How dare you spank my child!


Writers must be insane. We spend countless hours pouring our hearts out into our work, nurturing our characters, giving our story legs to stand on its own merit, and falling in love with what we have created. Then, we let out a loud sigh of relief as we step back from it. Like any good parent would, we want to show others the glory of this new and powerful force of nature, also known as our story…

And then those blood thirsty vampire editors get their claws in your baby. Violent red slashes scar the face of your once well-crafted pages. Cradled in your arms, your anger grows at those who have no foresight, no imagination, no understanding of what you had created.

Hmmm…I might be a little dramatic, but I think most new writers feel like this on some level when their manuscript is returned from an editor. I know I did. It was a though he had picked up my daughter and spanked her right in front of me, leaving a mark. I was furious. I denied the changes he suggested were needed. He obviously didn’t understand!

I repeated that last statement to myself for a few months before I could even look at the marked up manuscript again. Eventually, I realized that I was absolutely correct. He didn’t understand. And if he didn’t understand, then there was a good chance future readers weren’t going to understand either.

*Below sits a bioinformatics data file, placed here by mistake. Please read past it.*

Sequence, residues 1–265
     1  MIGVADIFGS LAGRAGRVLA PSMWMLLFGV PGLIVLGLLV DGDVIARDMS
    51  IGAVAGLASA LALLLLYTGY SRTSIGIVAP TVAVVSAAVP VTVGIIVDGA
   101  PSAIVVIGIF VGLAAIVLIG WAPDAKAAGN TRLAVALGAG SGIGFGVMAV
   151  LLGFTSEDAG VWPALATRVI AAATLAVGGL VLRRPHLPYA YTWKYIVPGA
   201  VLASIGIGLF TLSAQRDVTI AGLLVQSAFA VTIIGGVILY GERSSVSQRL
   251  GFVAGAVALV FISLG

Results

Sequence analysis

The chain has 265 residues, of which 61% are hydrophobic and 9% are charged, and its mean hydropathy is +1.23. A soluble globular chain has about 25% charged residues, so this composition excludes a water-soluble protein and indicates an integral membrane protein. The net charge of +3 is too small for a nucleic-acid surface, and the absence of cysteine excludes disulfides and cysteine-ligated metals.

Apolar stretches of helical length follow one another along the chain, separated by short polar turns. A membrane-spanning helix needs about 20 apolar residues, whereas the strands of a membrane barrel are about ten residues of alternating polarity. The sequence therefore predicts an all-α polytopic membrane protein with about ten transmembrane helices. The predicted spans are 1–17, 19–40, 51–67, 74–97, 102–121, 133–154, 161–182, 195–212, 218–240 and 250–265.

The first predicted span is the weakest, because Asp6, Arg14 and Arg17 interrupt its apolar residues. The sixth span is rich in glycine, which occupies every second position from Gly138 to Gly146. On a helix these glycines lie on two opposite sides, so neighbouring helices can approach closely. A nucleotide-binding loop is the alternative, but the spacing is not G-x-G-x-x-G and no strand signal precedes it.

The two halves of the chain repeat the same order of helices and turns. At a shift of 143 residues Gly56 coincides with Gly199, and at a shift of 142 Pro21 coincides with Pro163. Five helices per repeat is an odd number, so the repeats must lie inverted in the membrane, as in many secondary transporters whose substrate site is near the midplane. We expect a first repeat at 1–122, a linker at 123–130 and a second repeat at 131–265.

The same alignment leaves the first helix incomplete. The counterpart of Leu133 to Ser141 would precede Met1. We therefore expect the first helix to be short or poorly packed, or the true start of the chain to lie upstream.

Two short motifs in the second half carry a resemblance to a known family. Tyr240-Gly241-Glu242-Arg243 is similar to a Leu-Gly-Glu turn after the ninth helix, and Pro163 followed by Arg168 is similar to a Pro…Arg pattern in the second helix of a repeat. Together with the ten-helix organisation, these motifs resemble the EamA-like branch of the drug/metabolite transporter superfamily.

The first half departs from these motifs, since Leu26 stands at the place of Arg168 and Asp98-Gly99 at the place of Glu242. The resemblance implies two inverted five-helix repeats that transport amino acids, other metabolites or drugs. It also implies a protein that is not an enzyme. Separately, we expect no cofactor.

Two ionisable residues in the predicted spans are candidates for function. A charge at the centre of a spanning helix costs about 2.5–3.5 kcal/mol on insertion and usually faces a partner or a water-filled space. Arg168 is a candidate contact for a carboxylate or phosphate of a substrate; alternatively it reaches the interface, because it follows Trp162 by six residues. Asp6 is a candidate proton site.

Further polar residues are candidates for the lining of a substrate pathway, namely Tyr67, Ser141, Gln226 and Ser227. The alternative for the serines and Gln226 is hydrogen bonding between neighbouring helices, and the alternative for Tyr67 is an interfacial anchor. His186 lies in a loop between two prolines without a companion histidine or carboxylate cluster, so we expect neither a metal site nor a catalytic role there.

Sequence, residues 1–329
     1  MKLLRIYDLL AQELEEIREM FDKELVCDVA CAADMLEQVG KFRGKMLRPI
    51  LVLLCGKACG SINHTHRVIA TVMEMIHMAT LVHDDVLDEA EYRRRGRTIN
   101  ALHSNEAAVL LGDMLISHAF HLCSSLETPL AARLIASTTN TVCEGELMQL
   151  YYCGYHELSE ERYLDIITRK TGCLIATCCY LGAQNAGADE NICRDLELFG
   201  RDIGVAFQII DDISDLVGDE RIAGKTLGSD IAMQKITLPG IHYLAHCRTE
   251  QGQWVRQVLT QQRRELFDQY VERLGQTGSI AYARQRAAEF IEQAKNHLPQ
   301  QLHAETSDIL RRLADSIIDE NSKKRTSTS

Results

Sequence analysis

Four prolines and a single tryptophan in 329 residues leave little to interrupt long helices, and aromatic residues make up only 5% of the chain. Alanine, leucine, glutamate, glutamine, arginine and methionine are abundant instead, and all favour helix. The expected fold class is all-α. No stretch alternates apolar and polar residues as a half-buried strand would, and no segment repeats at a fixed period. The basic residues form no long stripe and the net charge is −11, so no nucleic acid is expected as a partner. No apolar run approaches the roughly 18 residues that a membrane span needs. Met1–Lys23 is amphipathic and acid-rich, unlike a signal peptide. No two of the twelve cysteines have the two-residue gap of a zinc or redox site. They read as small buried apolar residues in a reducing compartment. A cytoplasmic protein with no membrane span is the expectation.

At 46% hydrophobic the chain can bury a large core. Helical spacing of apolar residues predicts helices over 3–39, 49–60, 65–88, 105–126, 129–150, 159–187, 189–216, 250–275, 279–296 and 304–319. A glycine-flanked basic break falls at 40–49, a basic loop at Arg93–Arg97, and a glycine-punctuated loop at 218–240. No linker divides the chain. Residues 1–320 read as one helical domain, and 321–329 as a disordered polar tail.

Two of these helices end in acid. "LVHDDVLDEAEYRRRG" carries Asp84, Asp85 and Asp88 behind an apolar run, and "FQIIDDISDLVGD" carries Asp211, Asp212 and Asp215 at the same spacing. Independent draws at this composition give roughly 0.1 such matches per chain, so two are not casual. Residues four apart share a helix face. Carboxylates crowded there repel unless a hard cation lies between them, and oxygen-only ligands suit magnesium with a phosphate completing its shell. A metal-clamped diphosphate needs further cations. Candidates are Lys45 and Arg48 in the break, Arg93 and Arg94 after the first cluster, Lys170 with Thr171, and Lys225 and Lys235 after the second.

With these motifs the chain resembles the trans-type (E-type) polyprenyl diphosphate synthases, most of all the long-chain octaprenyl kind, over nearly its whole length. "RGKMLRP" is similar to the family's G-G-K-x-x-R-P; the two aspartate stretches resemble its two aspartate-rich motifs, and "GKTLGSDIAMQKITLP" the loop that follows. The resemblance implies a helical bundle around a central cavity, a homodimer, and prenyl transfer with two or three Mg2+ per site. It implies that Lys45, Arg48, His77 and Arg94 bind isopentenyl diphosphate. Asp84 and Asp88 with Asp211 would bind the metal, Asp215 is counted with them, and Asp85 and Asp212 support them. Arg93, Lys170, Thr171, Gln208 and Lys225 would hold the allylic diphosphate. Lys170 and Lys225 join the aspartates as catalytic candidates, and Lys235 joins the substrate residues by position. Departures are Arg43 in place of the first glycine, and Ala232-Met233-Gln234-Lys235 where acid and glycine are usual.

Tough love hurts, regardless which side you’re on at the time. This time, I was the one that was receiving it. The question was, would I listen and learn from it. I chose to listen.

Bowing my head in shame, I learned from his notes and rewrote damn near most of the manuscript to resolve the issues at hand. It was painful. It was brutal. And I have to admit, it was a much better manuscript.

It’s hard for new writers to be let go and have honest opinions about your work. Typically you’ll need to look outside of your normal circle of family and friends to get one. But take the time to research and find a good editor. Sure, it might cost you some money to do so, but it’s well worth it.

…To finish my own personal story, I sent in my updated manuscript, only to have it returned with more suggestions. It’s a learning curve. I had my first book edited a dozen times before it was a book worth reading. And yes, it was worth it.


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